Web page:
What Are the Primary Limitations in B-Cell Affinity Maturation, and How Much Affinity Maturation Can We Drive with Vaccination? Breaking through Immunity's Glass Ceiling.

Published online

Journal Article (Review)

A key goal of HIV-1 vaccine development is the induction of broadly neutralizing antibodies (bnAbs) targeted to the vulnerable regions of the HIV envelope. BnAbs develop over time in ∼50% of HIV-1-infected individuals. However, to date, no vaccines have induced bnAbs and few or none of these vaccine-elicited HIV-1 antibodies carry the high frequencies of V(D)J mutations characteristic of bnAbs. Do the high frequencies of mutations characteristic of naturally induced bnAbs represent a fundamental barrier to the induction of bnAbs by vaccines? Recent studies suggest that high frequencies of V(D)J mutations can be achieved by serial vaccination strategies. Rather, it appears that, in the absence of HIV-1 infection, physiologic immune tolerance controls, including a germinal center process termed affinity reversion, may limit vaccine-driven bnAb development by clonal elimination or selecting for mutations incompatible with bnAb activity.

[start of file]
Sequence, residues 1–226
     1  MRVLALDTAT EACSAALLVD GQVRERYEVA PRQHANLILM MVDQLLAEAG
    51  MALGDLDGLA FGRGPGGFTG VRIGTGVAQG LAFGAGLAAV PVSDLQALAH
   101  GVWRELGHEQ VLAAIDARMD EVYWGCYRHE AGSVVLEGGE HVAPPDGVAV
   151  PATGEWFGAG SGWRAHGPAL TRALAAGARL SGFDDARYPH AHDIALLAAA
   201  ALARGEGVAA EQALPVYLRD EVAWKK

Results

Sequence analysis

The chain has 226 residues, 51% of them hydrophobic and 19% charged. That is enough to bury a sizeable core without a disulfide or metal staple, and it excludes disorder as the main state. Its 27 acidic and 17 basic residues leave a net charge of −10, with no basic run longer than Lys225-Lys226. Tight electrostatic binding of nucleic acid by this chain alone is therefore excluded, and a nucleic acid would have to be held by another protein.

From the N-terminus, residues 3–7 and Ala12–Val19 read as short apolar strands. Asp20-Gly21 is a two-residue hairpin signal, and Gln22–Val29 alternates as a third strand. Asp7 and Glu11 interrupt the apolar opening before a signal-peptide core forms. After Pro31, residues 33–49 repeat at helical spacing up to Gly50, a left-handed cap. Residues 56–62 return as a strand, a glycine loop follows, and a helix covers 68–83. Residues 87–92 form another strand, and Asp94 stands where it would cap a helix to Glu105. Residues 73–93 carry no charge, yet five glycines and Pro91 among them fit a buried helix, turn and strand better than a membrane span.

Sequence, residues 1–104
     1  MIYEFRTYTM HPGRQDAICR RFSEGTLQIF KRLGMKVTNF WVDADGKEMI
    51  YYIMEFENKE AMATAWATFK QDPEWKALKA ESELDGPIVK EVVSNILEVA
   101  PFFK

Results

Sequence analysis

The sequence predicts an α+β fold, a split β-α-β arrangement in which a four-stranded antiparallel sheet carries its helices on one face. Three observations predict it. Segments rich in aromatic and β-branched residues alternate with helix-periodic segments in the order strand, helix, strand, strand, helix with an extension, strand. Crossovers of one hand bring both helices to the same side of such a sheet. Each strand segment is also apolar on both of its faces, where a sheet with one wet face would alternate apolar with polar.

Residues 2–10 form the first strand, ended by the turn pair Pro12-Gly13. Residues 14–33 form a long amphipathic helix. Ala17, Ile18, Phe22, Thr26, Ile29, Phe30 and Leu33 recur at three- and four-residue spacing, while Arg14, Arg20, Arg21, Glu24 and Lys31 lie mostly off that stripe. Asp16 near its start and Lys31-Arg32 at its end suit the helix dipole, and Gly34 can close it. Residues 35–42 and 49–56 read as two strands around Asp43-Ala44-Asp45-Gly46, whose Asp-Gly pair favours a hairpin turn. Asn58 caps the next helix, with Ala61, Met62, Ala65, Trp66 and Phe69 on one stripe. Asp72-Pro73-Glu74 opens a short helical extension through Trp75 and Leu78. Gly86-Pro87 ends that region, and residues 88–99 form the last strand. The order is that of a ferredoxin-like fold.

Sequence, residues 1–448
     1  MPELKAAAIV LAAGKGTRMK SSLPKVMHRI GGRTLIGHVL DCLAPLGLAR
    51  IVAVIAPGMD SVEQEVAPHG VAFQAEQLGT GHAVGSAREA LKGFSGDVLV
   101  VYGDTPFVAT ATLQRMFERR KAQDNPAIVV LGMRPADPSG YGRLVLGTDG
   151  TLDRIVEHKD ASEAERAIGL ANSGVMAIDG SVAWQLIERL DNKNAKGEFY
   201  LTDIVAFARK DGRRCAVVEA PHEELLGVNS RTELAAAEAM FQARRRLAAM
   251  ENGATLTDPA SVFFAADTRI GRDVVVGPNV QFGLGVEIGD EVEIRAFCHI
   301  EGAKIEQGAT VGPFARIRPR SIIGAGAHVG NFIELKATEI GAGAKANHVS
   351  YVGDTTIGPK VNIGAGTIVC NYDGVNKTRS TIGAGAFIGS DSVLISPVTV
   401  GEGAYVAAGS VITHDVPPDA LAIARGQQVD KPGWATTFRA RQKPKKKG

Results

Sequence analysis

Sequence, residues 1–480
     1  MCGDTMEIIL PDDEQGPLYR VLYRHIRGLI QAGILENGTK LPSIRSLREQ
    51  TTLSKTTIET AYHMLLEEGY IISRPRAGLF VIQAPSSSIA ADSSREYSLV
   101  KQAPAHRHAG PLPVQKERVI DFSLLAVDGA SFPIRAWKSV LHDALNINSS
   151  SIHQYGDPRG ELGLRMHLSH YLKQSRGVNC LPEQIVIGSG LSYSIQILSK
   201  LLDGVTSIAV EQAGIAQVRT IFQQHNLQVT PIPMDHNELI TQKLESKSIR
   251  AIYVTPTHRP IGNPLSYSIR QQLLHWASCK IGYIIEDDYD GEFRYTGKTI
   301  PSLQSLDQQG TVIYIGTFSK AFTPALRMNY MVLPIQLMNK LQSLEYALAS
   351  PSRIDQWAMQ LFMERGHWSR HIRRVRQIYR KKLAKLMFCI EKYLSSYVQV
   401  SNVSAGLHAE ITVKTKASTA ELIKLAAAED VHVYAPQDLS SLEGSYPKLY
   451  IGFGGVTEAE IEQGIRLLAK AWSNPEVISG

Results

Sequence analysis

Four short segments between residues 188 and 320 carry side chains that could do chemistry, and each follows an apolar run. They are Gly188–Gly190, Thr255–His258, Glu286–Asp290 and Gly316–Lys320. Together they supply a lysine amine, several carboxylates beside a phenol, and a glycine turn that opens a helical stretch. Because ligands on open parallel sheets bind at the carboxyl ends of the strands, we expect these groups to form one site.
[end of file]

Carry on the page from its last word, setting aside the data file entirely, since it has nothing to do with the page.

Full Text

Duke Authors

Cited Authors

  • Kelsoe, G; Haynes, BF

Published Date

  • May 1, 2018

Published In

Volume / Issue

  • 10 / 5

PubMed ID

  • 28630077

Pubmed Central ID

  • 28630077

Electronic International Standard Serial Number (EISSN)

  • 1943-0264

Digital Object Identifier (DOI)

  • 10.1101/cshperspect.a029397

Language

  • eng

Conference Location

  • United States